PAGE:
Master-planned community projects spanning decades make Kapolei a viable option for a wide range of buyers
POSTED: 1:30 a.m. HST, Sep 29, 2013
For more than 20 years, Kapolei has been one of the most concentrated areas of suburban housing development on Oahu, and home construction continues to chug along in the region stretching from Ewa Beach to Ko Olina.
Several developers are churning out phases in master-planned communities that date back decades, in the effort to create a "Second City" on Oahu from what used to be thousands of acres of sugar cane.
For the most part, new homes in Kapolei are priced for entry-level and move-up buyers, though luxury and resort homes also are in the mix.
One of the region's oldest communities, Ewa by Gentry, expects to produce 130 to 150 new homes this year at two phases, Trades and Sandalwood, where prices start in the low $400,000s.
Potential residential development could produce close to 20,000 more homes over the next 12 years:
550: Homes being built this year
31,730: Total homes in 2010
36,290: Total homes in 2015
51,500: Total homes in 2025
Source: Decision Analysts Hawaii Inc.
Bob Brant, Gentry Homes Ltd. president and chief executive officer, said the company has built about 7,300 homes in the community that began in 1988. This year, production was ramped up somewhat in response to the growing economy and buyer demand. "The market's improved," he said.
Another major Kapolei project with old roots is Ocean Pointe, which broke ground in 1997. To date, project developer Haseko Hawaii has completed about 3,300 homes, including 750 at the resort side of the community called Hoakalei launched in 2008. About 1,500 homes at Hoakalei have yet to be built.
Haseko declined to project sales this year, but has sold close to 130 homes annually on average since 2008. Earlier this month, the newest phase of Hoakalei called Kipuka began sales at prices ranging from the low $600,000s to the mid-$800,000s.
A more recent addition to Kapolei is Mehana, a project planned for 1,150 homes below the city of Kapolei. Developer D.R. Horton began producing homes at Mehana in 2008, and this year expects to produce and sell about 100 homes starting in the $300,000s.
Bob Bruhl, executive vice president of Horton's local Schuler Division, said the market this year has been steady. "The past couple years have been consistent, and that's been welcome," he said.
Another Horton project in the region is Kahiwelo in Makakilo, where the developer began work in 2008 on the subdivision of 472 single-family homes. This year, Bruhl said 60 to 70 new homes should be available for sale at base prices ranging from the high $500,000s to mid-$600,000s.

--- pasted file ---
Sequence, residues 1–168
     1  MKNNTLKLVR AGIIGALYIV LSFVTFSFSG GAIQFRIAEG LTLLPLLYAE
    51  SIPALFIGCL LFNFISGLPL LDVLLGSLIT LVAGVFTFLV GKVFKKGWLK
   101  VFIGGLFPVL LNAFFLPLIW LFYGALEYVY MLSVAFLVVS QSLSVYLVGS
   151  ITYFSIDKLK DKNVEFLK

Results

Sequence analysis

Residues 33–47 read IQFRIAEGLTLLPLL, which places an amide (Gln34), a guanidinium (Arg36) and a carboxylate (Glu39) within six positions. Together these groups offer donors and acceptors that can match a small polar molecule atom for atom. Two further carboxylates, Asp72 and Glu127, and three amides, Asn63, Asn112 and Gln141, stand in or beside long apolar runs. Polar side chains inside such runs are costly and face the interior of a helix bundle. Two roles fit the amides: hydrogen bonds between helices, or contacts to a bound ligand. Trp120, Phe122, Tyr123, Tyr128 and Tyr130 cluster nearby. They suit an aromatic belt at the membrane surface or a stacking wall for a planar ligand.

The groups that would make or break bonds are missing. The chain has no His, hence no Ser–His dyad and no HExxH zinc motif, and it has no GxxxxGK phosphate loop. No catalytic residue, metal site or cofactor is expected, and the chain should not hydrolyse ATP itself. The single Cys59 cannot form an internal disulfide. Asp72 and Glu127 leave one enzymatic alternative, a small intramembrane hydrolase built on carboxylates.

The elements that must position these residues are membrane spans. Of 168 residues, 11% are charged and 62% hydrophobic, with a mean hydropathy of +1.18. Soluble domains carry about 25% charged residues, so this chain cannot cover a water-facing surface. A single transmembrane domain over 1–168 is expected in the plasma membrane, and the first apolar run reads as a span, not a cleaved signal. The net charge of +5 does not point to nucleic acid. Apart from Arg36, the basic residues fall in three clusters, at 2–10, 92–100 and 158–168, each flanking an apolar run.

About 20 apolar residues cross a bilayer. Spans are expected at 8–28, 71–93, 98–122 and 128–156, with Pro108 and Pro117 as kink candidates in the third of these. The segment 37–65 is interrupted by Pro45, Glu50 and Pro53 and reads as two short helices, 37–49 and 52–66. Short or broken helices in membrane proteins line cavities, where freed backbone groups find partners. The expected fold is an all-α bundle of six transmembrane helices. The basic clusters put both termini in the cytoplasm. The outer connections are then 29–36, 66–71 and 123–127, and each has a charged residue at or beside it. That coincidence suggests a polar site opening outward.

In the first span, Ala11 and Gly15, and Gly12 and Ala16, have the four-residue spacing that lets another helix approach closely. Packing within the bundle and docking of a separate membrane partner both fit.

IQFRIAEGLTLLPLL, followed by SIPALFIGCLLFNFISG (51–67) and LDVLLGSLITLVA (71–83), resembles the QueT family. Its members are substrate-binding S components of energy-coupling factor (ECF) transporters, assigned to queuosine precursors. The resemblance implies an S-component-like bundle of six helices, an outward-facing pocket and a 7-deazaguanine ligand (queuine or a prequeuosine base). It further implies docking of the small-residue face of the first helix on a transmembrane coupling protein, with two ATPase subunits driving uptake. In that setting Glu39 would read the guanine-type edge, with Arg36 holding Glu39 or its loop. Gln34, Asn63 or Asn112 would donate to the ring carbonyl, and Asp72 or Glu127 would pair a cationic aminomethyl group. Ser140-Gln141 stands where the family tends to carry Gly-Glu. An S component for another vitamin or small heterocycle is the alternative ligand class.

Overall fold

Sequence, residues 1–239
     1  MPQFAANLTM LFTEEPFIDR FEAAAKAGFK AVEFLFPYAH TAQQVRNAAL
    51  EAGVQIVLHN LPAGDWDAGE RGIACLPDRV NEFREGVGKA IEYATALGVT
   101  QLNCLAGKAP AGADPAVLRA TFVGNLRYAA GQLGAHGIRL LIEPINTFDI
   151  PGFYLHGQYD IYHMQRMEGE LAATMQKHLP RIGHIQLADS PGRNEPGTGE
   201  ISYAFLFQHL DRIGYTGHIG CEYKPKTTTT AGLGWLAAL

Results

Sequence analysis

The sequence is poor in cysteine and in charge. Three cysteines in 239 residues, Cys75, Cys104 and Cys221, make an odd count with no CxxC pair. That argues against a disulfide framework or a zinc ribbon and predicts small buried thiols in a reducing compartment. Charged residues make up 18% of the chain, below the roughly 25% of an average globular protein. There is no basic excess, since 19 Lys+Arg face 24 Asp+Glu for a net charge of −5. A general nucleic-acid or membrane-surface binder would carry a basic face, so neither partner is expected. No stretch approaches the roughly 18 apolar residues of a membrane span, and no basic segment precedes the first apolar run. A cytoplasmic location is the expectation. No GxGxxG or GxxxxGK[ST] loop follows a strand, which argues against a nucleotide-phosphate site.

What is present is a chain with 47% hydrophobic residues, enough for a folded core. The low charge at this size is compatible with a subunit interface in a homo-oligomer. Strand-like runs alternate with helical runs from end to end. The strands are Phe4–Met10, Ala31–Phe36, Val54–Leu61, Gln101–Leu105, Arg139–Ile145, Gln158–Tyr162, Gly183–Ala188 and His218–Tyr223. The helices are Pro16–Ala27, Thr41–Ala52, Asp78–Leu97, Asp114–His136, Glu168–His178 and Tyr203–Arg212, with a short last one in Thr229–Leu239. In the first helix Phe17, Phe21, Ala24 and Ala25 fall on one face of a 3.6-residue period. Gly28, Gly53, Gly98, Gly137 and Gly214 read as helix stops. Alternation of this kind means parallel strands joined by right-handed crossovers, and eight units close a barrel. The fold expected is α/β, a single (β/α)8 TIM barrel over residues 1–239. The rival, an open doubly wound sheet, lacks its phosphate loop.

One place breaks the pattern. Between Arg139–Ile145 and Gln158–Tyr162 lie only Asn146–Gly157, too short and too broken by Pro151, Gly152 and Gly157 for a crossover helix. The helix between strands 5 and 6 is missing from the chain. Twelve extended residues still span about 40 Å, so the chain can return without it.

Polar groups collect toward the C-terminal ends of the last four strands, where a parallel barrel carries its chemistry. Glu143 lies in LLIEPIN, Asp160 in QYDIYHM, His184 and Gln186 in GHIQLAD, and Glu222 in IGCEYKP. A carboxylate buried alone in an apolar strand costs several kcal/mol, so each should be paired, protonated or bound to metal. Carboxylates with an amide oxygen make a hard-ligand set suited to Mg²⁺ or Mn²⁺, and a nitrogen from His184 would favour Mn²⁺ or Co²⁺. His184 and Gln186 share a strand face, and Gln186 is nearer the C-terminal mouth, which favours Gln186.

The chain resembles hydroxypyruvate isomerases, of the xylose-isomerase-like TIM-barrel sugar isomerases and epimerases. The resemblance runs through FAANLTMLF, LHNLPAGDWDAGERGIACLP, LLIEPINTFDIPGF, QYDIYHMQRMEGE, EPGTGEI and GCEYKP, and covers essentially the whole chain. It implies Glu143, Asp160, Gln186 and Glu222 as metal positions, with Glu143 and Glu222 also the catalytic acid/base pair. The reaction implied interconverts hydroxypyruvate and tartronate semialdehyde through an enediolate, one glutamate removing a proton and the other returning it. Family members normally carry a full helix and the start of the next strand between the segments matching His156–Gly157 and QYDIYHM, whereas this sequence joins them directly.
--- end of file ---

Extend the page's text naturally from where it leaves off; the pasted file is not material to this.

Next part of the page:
In the state's Villages of Kapolei affordable-housing community, Castle & Cooke Homes Hawai‘i plans to finish delivering the last 104 homes for sale this year at the 645-unit project that included for-sale homes and rentals.
Prices for the homes in the Kealakai, Nohona III and Makali‘i II neighborhoods range from $227,000 to $462,000.
In total, around 550 new homes are expected to be produced this year in Kapolei. Production, however, will continue to stretch out over many more years as some communities are completed and developers try to start new ones that are approved, in permitting phases or in conceptual formation.
The biggest of these potential future projects is Ho‘opili with 11,750 homes on the Ewa Plain where Horton still needs city zoning approvals after receiving permission from the state Land Use Commission last year to urbanize the 1,554-acre site.
One permitted project that has no definite timetable is Makaiwa Hills with 4,280 homes next to Makakilo.
Plans recently floated also include 4,000 homes proposed by Hunt Cos. at Kalaeloa on part of the former Navy base, and four condo towers, rising as high as 150 feet, in the city of Kapolei proposed by Franco Mola of Coastal Rim Properties.
One other long-envisioned project called Kapolei West was originally envisioned as a second phase to Ko Olina Resort & Marina with 2,500 homes. Landowner James Campbell Co. has applied to subdivide the property and is looking for a developer to carry out a development plan.
All the potential residential development could produce close to 20,000 more homes in Kapolei by 2025, according to an assessment by Decision Analysts Hawaii Inc. that projects the number of homes in Kapolei will rise from 31,730 in 2010 to 36,290 in 2015 and 51,500 in 2025.